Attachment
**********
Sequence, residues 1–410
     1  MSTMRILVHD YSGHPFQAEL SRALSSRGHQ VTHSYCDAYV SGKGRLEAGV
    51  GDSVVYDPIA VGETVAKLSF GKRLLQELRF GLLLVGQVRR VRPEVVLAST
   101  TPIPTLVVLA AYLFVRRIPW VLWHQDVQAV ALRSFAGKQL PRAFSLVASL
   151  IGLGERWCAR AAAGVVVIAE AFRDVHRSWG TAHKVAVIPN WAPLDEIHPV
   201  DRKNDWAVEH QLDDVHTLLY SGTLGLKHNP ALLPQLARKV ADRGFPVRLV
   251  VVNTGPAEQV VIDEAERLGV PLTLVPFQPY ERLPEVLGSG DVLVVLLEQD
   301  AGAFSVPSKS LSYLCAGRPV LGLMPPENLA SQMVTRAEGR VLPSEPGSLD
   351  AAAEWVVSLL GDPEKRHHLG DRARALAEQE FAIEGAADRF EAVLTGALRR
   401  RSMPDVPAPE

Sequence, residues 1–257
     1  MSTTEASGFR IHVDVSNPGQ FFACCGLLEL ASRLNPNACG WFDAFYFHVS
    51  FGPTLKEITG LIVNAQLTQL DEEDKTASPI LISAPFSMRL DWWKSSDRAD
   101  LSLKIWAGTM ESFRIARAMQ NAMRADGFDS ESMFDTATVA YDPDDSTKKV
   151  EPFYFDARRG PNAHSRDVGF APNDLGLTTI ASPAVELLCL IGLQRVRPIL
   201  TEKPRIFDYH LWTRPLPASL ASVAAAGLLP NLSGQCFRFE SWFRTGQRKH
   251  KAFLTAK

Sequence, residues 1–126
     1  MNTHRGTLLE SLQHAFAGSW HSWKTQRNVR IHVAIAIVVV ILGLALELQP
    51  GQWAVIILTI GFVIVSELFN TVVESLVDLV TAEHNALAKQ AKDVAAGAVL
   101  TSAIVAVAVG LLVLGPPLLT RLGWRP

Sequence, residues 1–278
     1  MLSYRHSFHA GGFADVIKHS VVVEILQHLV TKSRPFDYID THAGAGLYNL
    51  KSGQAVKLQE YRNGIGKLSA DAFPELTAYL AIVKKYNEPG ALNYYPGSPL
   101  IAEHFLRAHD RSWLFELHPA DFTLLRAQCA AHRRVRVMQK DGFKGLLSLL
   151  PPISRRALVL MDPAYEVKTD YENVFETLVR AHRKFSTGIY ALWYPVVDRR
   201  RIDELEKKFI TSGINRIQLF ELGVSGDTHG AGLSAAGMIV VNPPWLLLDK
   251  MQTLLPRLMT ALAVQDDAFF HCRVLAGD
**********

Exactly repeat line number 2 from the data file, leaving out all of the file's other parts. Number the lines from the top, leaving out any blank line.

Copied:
     1  MSTMRILVHD YSGHPFQAEL SRALSSRGHQ VTHSYCDAYV SGKGRLEAGV